The Most Common Money Problems that Americans Face

money-problems_7-most-common-causes-of-divorceSome people say, “More money, more problems.” Many of us, however, would contend that having less than enough money is enough of a problem as it is, and would love the opportunity to have more cash at hand for taking care of expenses and making purchases. Regardless of just how much money you make every year, though, you can take a bit of solace in knowing that many of the most common money problems you face are also issues for your fellow Americans.
But just what are the most common financial problems that people in this country face on a regular basis? It turns out that there are quite a few. With brevity in mind, however, let’s take a look at the list of the most common offenders.
Money Problem #1 – Not Enough Saving Going On
Chances are that at some point or another someone has told you how important it is to save for a rainy day. The problem is, however, that more than a few rainy days have hit our national economy over the past few years, and most people are tapped out in the savings department. Add to this the fact that many people (especially millennials) are not saving much money at all and you get a recipe for financial ruin. While many people may not have the ability to save much, making your savings an ongoing priority is a must – whether you are talking about being prepared for retirement or just making it through that next, proverbial rainy day.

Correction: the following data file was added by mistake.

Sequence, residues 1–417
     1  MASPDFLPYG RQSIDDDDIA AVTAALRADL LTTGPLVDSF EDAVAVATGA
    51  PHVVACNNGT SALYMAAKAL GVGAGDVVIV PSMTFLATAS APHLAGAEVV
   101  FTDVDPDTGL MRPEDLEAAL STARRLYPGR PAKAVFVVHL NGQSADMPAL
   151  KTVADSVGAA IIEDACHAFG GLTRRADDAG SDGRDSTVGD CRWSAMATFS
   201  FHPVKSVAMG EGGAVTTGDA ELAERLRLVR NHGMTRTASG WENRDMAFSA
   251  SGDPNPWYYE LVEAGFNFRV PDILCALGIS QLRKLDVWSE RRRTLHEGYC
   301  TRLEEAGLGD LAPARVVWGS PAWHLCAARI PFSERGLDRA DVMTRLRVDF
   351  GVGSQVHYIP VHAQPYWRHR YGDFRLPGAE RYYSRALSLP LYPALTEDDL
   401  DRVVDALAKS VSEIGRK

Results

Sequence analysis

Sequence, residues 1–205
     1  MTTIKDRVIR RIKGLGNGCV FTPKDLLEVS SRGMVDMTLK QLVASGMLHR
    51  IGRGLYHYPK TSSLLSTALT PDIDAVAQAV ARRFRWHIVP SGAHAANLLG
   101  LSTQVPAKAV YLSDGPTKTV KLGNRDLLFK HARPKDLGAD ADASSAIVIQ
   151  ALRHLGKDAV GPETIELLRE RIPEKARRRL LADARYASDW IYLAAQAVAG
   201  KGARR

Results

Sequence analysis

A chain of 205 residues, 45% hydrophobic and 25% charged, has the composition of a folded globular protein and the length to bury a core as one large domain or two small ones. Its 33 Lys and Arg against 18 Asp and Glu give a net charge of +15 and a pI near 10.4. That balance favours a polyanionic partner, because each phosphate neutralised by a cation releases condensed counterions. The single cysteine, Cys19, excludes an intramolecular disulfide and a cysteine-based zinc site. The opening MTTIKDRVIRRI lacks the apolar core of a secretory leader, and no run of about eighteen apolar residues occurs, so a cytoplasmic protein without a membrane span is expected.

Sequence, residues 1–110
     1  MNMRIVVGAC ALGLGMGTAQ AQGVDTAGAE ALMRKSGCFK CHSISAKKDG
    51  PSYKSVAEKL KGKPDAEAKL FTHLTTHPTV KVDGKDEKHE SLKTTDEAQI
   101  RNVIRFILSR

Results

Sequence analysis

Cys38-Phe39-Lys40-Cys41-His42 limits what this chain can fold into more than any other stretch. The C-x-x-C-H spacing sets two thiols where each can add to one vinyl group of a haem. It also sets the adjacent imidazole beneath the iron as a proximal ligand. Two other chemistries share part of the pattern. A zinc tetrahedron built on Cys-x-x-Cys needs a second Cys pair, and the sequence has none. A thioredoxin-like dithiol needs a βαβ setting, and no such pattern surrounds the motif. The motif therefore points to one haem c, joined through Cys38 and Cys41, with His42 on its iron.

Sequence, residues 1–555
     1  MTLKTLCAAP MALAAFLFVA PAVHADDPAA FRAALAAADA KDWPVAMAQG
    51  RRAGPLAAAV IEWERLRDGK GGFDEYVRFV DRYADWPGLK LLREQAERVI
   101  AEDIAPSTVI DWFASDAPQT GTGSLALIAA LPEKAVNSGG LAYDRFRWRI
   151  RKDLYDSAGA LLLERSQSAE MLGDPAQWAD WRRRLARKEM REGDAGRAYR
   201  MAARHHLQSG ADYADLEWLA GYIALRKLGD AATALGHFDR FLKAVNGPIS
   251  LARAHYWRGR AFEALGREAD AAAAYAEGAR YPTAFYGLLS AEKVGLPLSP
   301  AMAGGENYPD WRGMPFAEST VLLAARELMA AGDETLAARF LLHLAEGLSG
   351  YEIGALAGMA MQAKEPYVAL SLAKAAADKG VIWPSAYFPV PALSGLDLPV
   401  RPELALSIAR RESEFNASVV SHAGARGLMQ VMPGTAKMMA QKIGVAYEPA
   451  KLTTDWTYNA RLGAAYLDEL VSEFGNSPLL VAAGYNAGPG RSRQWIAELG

Money Problem #2 – Making it from one Pay Day to the Next
With the price of living getting higher and higher by the day, it is no wonder that so many people have a hard time stretching their funds from one pay period until the next one arrives. A lot of Americans end up “Robbing Peter to pay Paul” and get caught up in a never ending cycle of never quite getting through from one payday until the next one arrives. Putting together a realistic budget – one that you stick to religiously – is the only way to get out of this cycle. You may have to make a few sacrifices – tighten up the belt, so to say – but in the end following a budget will allow you to avoid this all-too-common financial problem that plagues millions of people in this country every day.
Money Problem #3 – Ever Increasing Debt
If there is one financial problem that we would all do well to eliminate it would be the ongoing accumulation of consumer debt. It’s so easy for people to get approved for credit cards these days and then to go hog wild. The short term good feelings that come from making some purchases that you really can’t afford soon become a thing of the past when the ongoing yoke of consumer debt continues to mount up. The first step to getting out of debt is to avoid accruing any new debt. This might mean locking up the credit cards or even getting rid of them entirely. Slowly but surely you can escape the pain of ongoing consumer debt, and you will be very happy that you went without those expensive lines of credit when you are free and clear.
There you have it – a list of some of the most common financial problems that Americans face on a regular basis. If you can take action to get even these three financial problems under control, you’ll begin to feel more in control and will ultimately have more freedom to live the lifestyle of your choosing.